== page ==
Date: 28th November 2017
I love Japanese gardens. In my recent autumn trip in Tokyo, I went to 5 different gardens (No, lets not count how many gardens attached to temples I went to). And you’d think I’d be bored by the 5th garden, I wasn’t. I went into the 5th garden thinking, “Oh, maybe you will actually get bored, Jennifer”. That thought disappeared the moment I stepped into the garden, as if it was never there in the first place. I was back to being the girl who spent hours in a garden. Yes, that’s how much I love them.
The first garden I visited during this trip is the Kiyosumi Gardens or Kiyosumi Teien (清澄庭園). The garden was thought to be the site of former residence of famous Edo merchant Kinokuniya Bunzaemon. It was the residence of the Kuze clan, Daimyo of the Sekiyado domain (today’s North of Chiba and South of Ibaraki) during the Kyōhō era (1716-1736). It was then that the garden was first formed.
In 1878 (Meiji period), Iwasaki Yataro, the founder of Mitsubishi, chose this site to construct a garden, which will be later used for recreation for his employees, and for entertaining important guests. The garden first opened in 1880 and was called Fukugawa Shimbokuen then.
Later on the pond, a major feature of the garden today was formed with the waters from the Sumida river. Adding on to the garden were man-made hills and dry waterfalls, and most importantly famous stones from around Japan.
Part of the site was donated by the Iwasaki family to the City of Tokyo after the Great Kanto Earthquake, and was opened as Kiyosumi Teien in 1932 after completing its restoration works.
The major feature of this garden is the large pond (Dai-sensui), with three islands and the background of buildings. In the olden days, the pond’s source of water was the Sumida river, thus the water level changes in accordance to the tides in Tokyo Bay. Now, the source of the pond is rainwater.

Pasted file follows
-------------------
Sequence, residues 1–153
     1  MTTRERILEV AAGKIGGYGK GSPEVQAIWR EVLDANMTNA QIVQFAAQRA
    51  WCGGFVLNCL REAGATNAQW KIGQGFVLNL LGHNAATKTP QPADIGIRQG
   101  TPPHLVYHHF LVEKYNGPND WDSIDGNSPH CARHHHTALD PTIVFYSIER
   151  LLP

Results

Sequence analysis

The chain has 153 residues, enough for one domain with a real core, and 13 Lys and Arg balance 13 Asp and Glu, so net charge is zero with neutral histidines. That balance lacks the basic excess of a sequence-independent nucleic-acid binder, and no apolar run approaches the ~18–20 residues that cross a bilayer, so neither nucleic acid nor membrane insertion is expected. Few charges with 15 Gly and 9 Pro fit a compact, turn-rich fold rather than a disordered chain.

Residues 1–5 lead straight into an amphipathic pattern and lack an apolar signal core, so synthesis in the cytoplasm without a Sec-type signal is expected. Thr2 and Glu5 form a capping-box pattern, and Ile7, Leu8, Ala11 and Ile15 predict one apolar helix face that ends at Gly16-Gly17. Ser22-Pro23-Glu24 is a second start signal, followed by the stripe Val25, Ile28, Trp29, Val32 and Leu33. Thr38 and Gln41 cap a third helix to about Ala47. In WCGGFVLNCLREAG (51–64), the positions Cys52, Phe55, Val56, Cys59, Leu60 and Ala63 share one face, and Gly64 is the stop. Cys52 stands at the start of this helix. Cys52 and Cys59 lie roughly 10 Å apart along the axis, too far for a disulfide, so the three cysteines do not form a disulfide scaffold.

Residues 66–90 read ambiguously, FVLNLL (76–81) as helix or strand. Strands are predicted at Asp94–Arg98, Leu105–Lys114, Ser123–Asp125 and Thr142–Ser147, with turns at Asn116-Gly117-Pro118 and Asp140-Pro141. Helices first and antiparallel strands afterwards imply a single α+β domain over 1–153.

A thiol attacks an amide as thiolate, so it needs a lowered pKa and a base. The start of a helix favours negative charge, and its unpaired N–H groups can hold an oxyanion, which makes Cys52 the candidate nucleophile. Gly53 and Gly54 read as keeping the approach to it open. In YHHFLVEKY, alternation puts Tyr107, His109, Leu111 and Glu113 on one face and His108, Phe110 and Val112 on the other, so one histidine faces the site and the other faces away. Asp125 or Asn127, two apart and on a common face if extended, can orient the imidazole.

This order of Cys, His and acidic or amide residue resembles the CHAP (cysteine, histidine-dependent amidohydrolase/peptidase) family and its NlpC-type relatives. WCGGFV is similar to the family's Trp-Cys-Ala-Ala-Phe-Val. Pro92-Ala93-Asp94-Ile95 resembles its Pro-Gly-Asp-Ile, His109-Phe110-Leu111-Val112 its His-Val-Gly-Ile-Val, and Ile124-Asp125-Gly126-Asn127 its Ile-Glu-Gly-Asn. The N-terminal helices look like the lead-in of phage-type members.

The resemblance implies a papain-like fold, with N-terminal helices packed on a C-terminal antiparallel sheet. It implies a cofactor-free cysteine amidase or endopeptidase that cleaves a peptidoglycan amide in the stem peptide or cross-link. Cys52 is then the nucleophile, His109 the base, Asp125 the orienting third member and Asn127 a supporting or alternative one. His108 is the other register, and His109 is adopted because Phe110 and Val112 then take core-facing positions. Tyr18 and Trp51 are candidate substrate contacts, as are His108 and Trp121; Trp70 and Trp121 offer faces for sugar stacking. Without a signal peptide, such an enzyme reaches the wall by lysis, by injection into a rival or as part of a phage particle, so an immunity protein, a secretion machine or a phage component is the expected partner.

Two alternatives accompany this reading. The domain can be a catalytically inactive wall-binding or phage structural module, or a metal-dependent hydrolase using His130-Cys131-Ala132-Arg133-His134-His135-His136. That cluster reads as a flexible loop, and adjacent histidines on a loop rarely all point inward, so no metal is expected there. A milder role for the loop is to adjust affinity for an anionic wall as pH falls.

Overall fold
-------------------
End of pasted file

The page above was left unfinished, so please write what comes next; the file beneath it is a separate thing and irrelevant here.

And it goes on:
Next is my favorite part of Japanese gardens, iso-watari. These are stepping stone pathways, which allows a closer look to the Koi-fishes in the pond, the ducks and other birds around the hills, and seeing the reflection of the scenery on the surface of the pond.
There is also a Fuji-san here, the highest man-made hill in this garden. In May, the hill is covered with azaleas and thus is also called the azalea hill.
Near the entrance is the Taisho Kinenkan, a funeral hall used for the late Emperor Taisho.
Further into the iris garden (blooms in June), you will find a stone monument of famous Edo poet Matsuo Basho’s haiku, which reads “Furu ike ya, kawazu tobikomu, mizu no oto / 古池や蛙飛びこむ水の音” (an old pond, a frog jumps in, the sound of water).
The teahouse seen on the pond is called Ryotei, built by the Iwasaki Family in 1909, and was later renovated in 1985.
Kiyosumi Teien was a refuge area during the Great Kanto Earthquake in 1923 and the bombings in Tokyo in 1945.
The garden is pretty small if compared to the likes of Rikugien or Hama-Rikyu, but I love it nonetheless especially as it was not crowded. I spent close to an hour and a half strolling in the garden.
Opening days: Everyday except 29th Dec to 1st Jan
Opening hours: 9 a.m. to 5 p.m. (last entry 4.30 p.m.)
Guided tours in Japanese available for free during weekends and Public Holidays @ 11 a.m. and 2 p.m.
Admission fee: 150 yen (Free on Green Day, 4th May and Tokyo Citizen’s Day, 1st October)
Kiyosumi Teien is a 5 minute walk from the Kiyosumi-Shirakawa station, on the Hanzomon or Toei-Oedo subway lines.